The puzzles presented in Chess Puzzles for Students, Volume 1 are designed to sharpen your tactical acuity and enhance your visualization skills. In each puzzle you are shown the position just before the tactic occurs and then asked to visualize the winning sequence; thereby emulating a real game scenario. We intersperse these puzzles with endgame studies and chess problems to explore the broad spectrum of chess creativity. We recommend using these puzzles in conjunction with the ChessEdu.org curriculum. Each single puzzle can be a classroom lesson for problem solving.
If you are working on your own, try solving some puzzles by setting the position on a chessboard and thinking for as long as you need without moving the pieces. Once you have worked through all the puzzles, try them again in random order to reinforce your pattern recognition skills.
Game examples are taken from the golden age of chess play from as far back as 1821 right up to the present day. While there are some classic brilliancies of chess play, including examples from world champions Carlsen, Anand, and Kasparov, there are also many more examples from international competitions, women’s competitions, and regional competitions in the Northeast area of the United States featuring local international masters. Beyond over-the-board play, correspondence play is represented among the puzzles as well.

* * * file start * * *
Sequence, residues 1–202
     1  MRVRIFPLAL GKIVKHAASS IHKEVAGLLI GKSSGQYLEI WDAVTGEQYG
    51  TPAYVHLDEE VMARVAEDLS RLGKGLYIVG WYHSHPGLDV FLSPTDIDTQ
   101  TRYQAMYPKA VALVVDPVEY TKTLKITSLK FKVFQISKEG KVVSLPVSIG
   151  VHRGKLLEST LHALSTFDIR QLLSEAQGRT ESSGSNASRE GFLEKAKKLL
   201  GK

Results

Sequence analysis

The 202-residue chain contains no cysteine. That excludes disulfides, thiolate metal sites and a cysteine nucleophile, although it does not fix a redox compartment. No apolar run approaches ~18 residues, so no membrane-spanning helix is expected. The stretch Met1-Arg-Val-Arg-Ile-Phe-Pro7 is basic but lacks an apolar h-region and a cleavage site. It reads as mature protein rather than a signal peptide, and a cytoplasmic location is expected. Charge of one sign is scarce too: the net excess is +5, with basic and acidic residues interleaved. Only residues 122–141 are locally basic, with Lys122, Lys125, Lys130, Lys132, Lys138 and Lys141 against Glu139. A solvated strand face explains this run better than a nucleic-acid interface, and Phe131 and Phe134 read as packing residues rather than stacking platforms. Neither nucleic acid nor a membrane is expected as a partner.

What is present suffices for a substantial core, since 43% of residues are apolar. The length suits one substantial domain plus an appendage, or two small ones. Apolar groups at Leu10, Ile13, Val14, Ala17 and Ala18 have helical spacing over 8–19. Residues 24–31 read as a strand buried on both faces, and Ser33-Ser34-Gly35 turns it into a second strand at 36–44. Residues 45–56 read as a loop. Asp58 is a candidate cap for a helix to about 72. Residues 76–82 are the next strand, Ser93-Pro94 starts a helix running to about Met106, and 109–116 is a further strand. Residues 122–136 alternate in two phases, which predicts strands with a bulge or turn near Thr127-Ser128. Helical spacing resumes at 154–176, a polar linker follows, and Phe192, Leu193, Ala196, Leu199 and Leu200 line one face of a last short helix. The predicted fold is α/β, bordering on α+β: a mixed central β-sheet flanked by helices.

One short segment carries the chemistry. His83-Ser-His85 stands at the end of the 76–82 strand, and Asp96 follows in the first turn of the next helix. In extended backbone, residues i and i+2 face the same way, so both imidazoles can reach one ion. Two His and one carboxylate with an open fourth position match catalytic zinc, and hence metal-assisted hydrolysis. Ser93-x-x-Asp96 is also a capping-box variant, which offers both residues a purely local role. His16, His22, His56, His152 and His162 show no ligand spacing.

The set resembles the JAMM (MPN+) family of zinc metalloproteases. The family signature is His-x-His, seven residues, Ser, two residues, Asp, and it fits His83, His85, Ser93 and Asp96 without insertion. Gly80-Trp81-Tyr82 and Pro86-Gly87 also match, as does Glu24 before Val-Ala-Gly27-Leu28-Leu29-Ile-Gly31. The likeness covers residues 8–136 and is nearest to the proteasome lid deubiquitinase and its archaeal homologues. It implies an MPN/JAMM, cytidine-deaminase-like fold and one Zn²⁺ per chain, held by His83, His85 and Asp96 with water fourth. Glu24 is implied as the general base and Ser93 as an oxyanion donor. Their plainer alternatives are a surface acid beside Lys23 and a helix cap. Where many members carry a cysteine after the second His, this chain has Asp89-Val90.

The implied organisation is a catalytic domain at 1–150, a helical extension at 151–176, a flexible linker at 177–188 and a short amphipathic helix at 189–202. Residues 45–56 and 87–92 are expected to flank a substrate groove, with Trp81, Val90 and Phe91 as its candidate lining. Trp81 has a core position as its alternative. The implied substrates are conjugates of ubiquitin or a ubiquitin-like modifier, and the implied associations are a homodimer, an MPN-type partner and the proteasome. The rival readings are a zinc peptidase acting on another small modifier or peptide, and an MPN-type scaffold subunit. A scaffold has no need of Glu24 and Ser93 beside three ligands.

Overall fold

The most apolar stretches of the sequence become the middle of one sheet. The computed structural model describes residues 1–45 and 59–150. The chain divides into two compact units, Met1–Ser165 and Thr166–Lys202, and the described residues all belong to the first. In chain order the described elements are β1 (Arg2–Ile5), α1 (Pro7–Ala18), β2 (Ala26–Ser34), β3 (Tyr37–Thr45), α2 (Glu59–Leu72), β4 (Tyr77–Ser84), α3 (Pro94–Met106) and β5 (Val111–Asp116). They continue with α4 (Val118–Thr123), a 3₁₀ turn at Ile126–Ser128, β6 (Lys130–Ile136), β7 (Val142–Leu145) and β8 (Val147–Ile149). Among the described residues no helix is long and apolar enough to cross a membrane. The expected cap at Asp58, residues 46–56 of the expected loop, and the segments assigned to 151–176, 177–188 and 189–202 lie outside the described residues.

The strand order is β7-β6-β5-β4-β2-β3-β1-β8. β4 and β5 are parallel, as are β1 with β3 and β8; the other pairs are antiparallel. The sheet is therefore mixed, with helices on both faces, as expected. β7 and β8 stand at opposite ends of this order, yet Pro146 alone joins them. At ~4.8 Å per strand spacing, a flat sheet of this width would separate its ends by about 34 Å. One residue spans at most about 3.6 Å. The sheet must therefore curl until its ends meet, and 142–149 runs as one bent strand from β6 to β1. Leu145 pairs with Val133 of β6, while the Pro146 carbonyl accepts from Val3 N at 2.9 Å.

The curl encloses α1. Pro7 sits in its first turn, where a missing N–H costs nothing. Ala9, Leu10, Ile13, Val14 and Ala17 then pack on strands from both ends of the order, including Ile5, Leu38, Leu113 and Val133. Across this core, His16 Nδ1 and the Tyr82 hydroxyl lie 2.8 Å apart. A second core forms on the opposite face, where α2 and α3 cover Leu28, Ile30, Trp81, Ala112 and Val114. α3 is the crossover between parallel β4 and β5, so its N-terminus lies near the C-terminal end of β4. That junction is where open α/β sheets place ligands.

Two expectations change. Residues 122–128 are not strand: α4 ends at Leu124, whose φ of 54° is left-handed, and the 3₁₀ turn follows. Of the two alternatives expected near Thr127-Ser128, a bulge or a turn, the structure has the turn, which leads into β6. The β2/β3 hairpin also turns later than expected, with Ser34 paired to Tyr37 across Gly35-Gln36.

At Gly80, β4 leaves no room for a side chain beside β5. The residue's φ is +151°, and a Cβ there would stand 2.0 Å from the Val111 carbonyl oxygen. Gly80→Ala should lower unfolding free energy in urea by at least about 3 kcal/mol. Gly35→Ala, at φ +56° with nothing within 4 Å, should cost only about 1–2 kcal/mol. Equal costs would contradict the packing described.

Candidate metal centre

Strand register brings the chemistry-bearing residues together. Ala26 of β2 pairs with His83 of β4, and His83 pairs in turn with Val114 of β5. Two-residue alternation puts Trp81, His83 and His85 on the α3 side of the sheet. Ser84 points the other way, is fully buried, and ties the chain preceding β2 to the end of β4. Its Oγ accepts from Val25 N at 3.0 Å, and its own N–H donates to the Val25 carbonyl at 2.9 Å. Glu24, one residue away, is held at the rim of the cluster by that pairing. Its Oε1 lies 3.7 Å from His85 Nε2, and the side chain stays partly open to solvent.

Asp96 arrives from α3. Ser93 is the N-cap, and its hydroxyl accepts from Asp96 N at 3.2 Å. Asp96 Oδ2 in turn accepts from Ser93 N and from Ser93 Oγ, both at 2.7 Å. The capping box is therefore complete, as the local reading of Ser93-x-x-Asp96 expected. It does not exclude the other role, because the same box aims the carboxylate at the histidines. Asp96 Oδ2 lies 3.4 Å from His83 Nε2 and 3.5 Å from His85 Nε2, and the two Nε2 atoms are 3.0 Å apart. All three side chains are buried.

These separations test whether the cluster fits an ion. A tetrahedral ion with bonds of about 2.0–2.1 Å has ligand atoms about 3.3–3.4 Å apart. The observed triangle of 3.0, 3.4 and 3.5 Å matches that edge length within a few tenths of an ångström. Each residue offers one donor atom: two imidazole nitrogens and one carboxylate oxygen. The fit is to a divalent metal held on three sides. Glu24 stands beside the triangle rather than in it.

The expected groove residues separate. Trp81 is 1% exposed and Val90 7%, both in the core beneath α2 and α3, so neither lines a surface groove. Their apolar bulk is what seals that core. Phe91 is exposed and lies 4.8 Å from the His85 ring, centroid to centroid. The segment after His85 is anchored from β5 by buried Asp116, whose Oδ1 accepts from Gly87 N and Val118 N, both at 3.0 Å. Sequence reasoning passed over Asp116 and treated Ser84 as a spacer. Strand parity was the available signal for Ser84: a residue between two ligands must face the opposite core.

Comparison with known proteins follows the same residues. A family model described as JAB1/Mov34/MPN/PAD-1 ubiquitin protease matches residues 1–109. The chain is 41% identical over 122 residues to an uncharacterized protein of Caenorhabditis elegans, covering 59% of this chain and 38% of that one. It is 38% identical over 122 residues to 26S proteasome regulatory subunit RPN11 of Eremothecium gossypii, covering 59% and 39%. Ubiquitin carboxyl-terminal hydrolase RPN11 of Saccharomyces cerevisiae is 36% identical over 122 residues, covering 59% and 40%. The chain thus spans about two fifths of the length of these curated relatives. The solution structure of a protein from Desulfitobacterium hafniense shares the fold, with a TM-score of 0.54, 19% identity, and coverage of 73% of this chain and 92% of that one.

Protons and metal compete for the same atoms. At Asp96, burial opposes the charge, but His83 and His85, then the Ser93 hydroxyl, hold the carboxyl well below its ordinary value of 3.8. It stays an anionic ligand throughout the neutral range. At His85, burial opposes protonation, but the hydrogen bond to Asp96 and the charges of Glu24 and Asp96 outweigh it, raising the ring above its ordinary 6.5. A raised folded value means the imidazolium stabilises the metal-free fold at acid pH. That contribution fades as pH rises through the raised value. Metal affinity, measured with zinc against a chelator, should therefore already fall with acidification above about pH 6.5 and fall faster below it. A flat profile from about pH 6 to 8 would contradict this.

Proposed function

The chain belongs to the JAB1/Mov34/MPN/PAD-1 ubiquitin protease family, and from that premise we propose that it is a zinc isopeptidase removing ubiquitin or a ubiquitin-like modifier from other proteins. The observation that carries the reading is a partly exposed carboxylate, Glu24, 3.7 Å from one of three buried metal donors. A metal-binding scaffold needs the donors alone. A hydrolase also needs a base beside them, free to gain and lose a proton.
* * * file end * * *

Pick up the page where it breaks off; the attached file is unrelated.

The puzzles come from all phases of the game: opening, middlegame, and endgame. Demonstrating that tactics are a constant opportunity if you can spot them. The answers are given at the end of the book, along with the complete game scores. Readers are encouraged to play through the entire game to see how the final positions came about. Beyond solving for a winning attack, try to find an improvement for the defender as well.
Working through these examples will help you memorize common tactical patterns and deepen your intuition as to when a winning opportunity is at hand, even when it involves sacrificing material. You will learn to combine multiple tactical themes to create crushing attacks. There are a total of 933 exercises: with 630 puzzles, 195 problems, and 108 studies. An index for reading algebraic notation is also provided. Here’s wishing you the best in chess!
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